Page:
Title

High-rate anodic dissolution and jet electrochemical micromachining of tungsten

Date of Completion

January 1996

Keywords

Engineering, Chemical

Degree

Ph.D.

Abstract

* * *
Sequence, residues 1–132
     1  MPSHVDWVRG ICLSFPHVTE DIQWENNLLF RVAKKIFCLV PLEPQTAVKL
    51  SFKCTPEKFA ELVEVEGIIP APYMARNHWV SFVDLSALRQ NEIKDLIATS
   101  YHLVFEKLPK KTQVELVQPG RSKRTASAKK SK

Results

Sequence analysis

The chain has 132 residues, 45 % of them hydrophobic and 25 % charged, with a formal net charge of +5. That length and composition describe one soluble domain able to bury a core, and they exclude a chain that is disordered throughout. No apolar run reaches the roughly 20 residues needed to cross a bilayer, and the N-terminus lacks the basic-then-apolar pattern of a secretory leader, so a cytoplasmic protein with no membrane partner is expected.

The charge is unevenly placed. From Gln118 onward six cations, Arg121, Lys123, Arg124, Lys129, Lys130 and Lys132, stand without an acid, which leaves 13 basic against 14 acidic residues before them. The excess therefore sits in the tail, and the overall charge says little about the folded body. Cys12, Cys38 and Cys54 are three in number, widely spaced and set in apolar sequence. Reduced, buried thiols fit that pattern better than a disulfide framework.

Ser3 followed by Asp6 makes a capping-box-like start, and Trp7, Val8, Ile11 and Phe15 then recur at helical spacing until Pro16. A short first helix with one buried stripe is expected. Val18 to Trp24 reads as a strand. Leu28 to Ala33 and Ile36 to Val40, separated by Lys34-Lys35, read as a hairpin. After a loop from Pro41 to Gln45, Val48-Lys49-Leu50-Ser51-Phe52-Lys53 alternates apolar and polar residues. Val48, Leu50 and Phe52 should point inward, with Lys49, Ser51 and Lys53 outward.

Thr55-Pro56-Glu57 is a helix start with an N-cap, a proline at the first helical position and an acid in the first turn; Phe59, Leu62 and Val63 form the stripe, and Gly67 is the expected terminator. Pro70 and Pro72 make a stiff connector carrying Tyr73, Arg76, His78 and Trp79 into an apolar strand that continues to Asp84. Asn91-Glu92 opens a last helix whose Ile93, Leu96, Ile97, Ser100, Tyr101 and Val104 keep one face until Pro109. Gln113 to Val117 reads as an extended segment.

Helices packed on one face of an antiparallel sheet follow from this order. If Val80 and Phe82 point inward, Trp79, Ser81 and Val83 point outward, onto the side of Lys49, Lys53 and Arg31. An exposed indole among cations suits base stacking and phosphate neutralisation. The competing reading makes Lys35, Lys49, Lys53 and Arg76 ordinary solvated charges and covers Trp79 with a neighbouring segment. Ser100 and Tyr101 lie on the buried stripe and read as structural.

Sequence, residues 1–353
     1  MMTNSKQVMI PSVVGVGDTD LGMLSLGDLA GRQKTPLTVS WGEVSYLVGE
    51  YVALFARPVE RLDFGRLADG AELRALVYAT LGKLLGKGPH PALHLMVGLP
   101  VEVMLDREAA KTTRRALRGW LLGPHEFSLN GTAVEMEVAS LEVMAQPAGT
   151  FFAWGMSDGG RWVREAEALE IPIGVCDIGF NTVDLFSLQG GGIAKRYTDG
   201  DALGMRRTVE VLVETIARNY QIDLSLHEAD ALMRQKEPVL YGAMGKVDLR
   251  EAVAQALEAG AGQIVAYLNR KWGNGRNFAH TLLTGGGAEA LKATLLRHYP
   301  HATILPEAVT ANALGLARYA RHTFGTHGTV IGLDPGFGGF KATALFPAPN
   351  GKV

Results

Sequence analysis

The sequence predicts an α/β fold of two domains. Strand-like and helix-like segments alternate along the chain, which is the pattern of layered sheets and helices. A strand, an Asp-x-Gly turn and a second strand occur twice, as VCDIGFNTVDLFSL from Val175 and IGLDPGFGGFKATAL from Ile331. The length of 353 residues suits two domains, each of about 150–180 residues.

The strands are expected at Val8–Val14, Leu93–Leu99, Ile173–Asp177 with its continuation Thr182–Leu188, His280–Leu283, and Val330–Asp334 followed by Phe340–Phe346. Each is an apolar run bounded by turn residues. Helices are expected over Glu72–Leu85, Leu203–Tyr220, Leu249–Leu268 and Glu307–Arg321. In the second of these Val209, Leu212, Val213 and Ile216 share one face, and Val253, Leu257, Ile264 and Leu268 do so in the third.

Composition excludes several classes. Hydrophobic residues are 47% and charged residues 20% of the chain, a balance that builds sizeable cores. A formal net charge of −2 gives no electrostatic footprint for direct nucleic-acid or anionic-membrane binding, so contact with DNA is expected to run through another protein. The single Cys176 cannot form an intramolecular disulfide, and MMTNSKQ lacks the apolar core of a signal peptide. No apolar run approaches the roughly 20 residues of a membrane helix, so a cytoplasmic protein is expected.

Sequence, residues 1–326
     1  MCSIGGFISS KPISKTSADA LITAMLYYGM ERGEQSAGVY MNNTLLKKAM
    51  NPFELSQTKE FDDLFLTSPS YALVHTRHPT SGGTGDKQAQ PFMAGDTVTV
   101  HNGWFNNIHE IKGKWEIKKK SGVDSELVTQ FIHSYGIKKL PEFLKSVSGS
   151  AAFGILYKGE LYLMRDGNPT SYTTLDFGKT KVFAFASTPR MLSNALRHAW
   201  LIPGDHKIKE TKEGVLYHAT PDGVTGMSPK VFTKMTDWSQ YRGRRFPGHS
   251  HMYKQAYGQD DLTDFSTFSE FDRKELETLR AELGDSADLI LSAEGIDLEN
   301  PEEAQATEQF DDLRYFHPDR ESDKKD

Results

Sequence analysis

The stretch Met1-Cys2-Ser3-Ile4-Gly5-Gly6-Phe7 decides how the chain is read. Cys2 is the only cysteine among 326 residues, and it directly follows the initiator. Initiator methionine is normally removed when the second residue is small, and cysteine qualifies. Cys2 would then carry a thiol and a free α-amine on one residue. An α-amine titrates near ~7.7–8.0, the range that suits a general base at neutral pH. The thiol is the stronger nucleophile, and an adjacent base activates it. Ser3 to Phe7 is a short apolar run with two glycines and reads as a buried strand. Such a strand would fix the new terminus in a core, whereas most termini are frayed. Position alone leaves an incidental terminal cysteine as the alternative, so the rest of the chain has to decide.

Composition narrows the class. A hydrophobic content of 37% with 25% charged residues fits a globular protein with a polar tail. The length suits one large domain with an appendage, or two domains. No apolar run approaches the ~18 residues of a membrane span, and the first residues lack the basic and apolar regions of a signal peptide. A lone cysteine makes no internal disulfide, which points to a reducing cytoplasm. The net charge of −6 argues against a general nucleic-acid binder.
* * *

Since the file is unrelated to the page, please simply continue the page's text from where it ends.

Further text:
Conventional photoetching processes used for thin film patterning of tungsten involve photolithography and chemical etching processes which use toxic etchants like potassium ferricyanide and hydrofluoric acid. Through-mask electrochemical micromachining (EMM) of thin films avoids the use of toxic chemicals by using electrolytic etching, but photolithography processes are still required. Jet EMM uses an unsubmerged electrolyte jet that flows through a micro-sized nozzle cathode and impinges onto the anode workpiece. Patterning is achieved by moving the workpiece. Jet EMM eliminates the photolithography step and uses less toxic chemicals.^ To investigate jet EMM of tungsten, the anodic dissolution of tungsten was studied using a rotating disk electrode (RDE) cell. The metal dissolution rate, current efficiency and surface brightness during anodic dissolution of tungsten as a function of the electrolyte composition, applied potential, and hydrodynamic conditions were found. For tungsten dissolution, NaOH solution was found to be the most suitable electrolyte. The surface finish is mass transfer controlled by the diffusion of OH$\sp-$ to the anode.^ NaOH solution was exclusively used in the jet EMM experiments. Jet EMM uses high flow rate impinging electrolytes which produce high mass transfer rates that lead to high rates of micromachining. The effects of various factors such as flow velocity and nozzle diameter on the feature of machined holes were examined. The machined holes are tapered, the back hole is about the size of the nozzle, and the size of the front hole is a function of sample thickness and nozzle diameter. In addition to machining on various thickness of tungsten foils, jet electrochemical micromachining of back-insulated tungsten foils and tungsten coated silicon wafers were also examined.^ Mass transport controlled finite element modeling of jet EMM was used to investigate the effect of system variables on hole shape. Various flow velocities and gap distances were investigated. Flat and cavity impingement surfaces were examined. The mass transfer at the sidewall of the cavity was found to be higher than at the bottom or a flat surface. Comparisons of hole profile between the experimental jet EMM and modeled results were made. ^